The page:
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Fried Chicken and Burritos – a place for comfort food

No, it’s not a cookbook.

Hi there U.C. community.
I’m Jeremy Shank from over at the “Shanktification” blog.
Joel added me a while back here as a contributor. I don’t say much. I leave the indepth stuff to the mind of Joel. I do want to take a moment to ask you all to check out my book. My previous blog was the title of my book. “Fried Chicken and Burritos – a place for comfort food” was an idea I had as I entered my current appointment as pastor. I am in my fourth year here in Thornville, OH. When I got here I felt I needed a new delivery from the pulpit. At my last church it seemed I had grown into the harbinger of death. I had a prophet of doom type outlook that I had grown weary of and needed to find a new attitude as I approached my new appointment. Bringing a message of comfort instead of constant doom was the avenue I went down. I try to bring comfort. Even in the hard passages. Jesus said, “Come unto me all who are weary and burdened, and I will give you rest.” The thing is he also said things like “Deny yourself, pick up your cross, and follow me.” That doesn’t sound very comforting. How do we correlate the words of Jesus across those lines? Take a chance and give my book a read.
You can find it on Amazon. $7 for a paperback. $5 for a Kindle copy.
Please give some feedback and leave a review after you read.
I hope you fin the comfort you’re looking for.



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Orthodoxy for those living with doctrines

Nazarene-logoI’d like to continue my line of thought from my previous post while swinging to the other “extreme”.

After having grown up in a Disciples church and not having any creeds or doctrines in front of me to guide me or direct me, I reflected upon my Disciples upbringing and could not help but notice that nobody actually took the time to explain to me that I needed Jesus Christ as my Lord and Savior. I cannot remember anyone showing me that I needed to ask for forgiveness for my sins. The Disciples church i grew up in spent so much time wandering around through people’s opinions on things that orthodoxy was never an issue. And, that’s the issue….

After high school, I pulled myself out of church for about 3 years. I felt church was a waste of time and I also felt I hadn’t learned anything. I wanted to do my own thing for a while and I did. I slept in. I stayed up late. I stayed up all night, many times. I did what I wanted to do.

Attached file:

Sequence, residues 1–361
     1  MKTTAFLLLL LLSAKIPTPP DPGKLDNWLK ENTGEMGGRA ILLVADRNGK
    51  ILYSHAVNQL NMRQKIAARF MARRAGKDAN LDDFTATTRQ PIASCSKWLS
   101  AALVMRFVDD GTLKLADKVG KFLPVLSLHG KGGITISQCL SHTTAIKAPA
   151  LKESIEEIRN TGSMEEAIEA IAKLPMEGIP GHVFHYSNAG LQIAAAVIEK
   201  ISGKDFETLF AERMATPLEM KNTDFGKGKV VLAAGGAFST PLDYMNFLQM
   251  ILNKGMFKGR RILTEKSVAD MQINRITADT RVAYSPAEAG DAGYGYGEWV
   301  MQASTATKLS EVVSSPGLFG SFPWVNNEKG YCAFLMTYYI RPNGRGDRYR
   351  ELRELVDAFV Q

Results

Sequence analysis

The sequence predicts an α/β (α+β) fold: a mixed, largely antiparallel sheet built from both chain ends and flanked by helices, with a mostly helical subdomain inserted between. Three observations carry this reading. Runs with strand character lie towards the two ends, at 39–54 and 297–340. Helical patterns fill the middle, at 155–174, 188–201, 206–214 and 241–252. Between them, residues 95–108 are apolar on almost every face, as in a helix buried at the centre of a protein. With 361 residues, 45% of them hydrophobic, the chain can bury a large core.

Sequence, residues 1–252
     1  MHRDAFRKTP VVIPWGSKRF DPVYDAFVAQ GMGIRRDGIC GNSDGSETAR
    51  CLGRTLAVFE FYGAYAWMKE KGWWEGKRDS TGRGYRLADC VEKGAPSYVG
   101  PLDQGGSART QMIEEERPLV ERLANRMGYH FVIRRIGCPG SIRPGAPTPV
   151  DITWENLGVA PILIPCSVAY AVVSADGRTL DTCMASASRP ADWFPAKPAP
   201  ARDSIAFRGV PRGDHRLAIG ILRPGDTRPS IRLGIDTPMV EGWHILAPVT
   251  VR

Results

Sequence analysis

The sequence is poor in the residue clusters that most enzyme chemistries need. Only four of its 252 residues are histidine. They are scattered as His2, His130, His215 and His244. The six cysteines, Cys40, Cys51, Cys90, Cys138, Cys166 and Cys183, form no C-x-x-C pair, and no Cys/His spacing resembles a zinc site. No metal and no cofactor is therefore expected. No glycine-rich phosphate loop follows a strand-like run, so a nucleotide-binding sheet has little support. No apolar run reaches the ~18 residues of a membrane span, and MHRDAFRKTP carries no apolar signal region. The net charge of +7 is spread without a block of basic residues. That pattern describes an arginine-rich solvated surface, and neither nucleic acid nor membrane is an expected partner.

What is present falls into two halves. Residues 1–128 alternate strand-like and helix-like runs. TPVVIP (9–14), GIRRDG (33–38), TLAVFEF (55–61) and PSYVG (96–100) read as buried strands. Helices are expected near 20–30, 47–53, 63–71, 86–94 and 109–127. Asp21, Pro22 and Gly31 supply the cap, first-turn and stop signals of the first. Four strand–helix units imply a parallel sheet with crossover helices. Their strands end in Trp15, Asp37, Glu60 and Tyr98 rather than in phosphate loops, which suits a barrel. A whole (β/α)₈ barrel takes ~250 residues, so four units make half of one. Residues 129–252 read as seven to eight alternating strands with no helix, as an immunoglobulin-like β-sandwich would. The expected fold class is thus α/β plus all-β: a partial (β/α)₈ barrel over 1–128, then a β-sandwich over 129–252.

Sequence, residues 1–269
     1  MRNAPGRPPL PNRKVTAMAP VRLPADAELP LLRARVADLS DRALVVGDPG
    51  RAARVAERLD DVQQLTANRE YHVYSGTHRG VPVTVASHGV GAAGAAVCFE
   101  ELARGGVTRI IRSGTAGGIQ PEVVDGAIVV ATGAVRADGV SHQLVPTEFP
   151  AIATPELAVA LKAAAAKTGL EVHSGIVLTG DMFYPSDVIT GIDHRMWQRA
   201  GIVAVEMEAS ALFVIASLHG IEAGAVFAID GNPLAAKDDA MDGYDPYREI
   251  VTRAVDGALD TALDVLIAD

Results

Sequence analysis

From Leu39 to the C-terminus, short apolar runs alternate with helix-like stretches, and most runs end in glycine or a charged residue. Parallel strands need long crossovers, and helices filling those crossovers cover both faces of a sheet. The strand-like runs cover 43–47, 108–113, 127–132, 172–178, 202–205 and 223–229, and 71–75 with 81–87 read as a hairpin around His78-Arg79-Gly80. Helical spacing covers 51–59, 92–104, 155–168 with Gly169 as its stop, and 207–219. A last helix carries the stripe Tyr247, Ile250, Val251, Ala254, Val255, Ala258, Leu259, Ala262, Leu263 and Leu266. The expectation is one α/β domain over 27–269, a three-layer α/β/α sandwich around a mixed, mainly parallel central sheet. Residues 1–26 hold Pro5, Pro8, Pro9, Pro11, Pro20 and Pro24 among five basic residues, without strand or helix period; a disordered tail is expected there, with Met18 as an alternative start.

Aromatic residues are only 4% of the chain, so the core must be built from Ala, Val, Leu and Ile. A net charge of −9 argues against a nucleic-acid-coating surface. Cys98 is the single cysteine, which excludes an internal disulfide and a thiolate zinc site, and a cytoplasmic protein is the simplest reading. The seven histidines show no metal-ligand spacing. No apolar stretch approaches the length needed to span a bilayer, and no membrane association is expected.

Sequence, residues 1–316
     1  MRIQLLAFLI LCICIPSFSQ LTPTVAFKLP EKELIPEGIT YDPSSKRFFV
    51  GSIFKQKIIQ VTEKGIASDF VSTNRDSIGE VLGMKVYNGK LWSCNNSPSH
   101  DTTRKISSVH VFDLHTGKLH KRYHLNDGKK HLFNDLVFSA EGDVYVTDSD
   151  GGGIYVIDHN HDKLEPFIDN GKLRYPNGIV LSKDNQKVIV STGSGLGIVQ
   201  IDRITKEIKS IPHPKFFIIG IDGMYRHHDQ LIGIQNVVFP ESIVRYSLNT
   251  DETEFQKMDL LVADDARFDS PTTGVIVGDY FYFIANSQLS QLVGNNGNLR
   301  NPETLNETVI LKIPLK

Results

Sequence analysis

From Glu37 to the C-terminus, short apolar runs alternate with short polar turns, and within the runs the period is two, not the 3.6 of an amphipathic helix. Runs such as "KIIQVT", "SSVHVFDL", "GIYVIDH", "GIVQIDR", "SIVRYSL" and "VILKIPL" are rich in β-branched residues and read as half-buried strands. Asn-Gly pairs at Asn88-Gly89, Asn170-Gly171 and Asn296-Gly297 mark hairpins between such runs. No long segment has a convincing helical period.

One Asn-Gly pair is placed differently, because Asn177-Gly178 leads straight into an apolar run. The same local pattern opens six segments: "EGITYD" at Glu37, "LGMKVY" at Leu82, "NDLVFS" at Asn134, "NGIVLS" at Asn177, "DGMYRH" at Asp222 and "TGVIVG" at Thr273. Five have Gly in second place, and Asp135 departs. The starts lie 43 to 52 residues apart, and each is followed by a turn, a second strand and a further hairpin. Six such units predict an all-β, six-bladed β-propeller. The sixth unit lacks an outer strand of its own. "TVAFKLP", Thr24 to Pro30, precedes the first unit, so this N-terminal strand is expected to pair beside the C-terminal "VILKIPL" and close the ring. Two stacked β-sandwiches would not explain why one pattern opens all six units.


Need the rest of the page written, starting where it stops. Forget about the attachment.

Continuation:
But, anybody who knows what this life following the Lord is like knows that God does not leave you alone. My best friend from high school had found Jesus while trying out for the Marines. He didn’t make it, but he did find Jesus. He came home determined that all of us in the beer drinking circle of friends was going to find Jesus. I was the only one who responded. Maybe the Lord brought him home just for me. Maybe that’s a bit narcissistic.

My best friend had grown up in the Church of the Nazarene out on the south edge of town. I knew nothing about them. My Disciples upbringing had left me sheltered. I had no understanding of other churches or belief systems or doctrines. After asking Jesus to come into my life in June of ’92, I followed my friend out to the COTN. Since I had no formal teaching in doctrine, I ate up everything they put in front of me.

In Feb ’93 I began school at Mt Vernon Nazarene working towards ordination. For the first 4 or 5 years I just nodded my head in approval to everything they put on the table. It was quite a change going from a church where nothing was ever mentioned int he way of doctrine to a group that put everything on the table. The Wesleyan-Armenian viewpoint agreed with me. It made sense. After having accepted Christ, inviting him into my heart, responding to the knock at the door of my heart, the teaching about grace and faith working together made sense to me. God draws us in by his grace, but we need to respond in order to enter this life and actually be a part of it. The Calvinist viewpoint did not agree with my taste buds. If God simply picks and chooses who gets to go to heaven and hell, our existence seems pointless here.

During my junior & senior years of high school I worked at an IGA grocery store in my hometown of Shelby, OH. I missed alot of church on Sundays because you got paid time and a half to work that day. We also got an hour break for lunch. For the longest time I would frequent the deli and grab 4 of these subs made of bologna, salami and some swiss cheese on a sesame bun, with a 20 oz Mt Dew. Every Sunday that I worked this would be my lunch time break food. Plowing through 4 of these small subs and downing that Mt Dew. Ah, nothing finer. Then came the day when I sat down and began to partake. Part way through the first sub it just hit me. These little subs were disgusting. Maybe it was because I had been eating them so often that I simply was getting tired of them. It was my steady diet, especially on Sundays. I put that sub down and threw the 3 1/2 left into the trash can. Several months later I remember trying it again, as if, taking that time off had corrected my taste buds. It did not. I threw them away and I never went back to them. There were other foods to try. These little lunch meat subs were not going to do the trick anymore.